Q: I find the subject of possessives both maddening and confusing. I’ll often read things like “The New York Times’s Thomas L. Friedman,” but I’ll just as often see something like “The Daily News’ Mike Lupica.” Shouldn’t that be “News’s” because “News” is the name of the newspaper? Other examples I’ve seen: “Brian Williams’ family” and “Joan Rivers’ daughter.” Should that read “Williams’s” and “Rivers’s” because their names end in “s”?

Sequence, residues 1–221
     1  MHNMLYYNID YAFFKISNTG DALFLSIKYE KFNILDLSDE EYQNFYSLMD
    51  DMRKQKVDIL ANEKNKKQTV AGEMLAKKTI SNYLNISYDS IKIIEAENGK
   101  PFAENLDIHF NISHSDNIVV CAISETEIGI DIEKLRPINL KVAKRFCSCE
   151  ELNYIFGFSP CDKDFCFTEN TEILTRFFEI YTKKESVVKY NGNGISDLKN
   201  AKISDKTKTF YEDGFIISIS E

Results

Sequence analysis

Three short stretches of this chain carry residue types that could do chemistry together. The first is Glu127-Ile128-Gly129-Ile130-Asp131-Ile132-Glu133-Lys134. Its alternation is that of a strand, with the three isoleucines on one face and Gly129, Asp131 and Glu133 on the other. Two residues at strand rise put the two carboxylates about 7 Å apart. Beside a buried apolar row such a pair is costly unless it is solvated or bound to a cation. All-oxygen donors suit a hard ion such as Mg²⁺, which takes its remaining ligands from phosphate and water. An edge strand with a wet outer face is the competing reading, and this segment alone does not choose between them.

A: Lots of people are spooked by possessives, so let’s exorcise some ghosts. Here are three simple rules for making a noun possessive:
1) If the word is singular, add an apostrophe followed by s: “I love London’s theaters and Paris’s museums.”
2) If the word is plural and doesn’t already end in s, add an apostrophe followed by s: “The children’s room was a mess.”
3) If the word is plural and ends in s, add just an apostrophe: “The victims’ car was recovered.”
So you’re right. It should be the Times’s Thomas L. Friedman, the News’s Mike Lupica, Brian Williams’s family, and Joan Rivers’s daughter.
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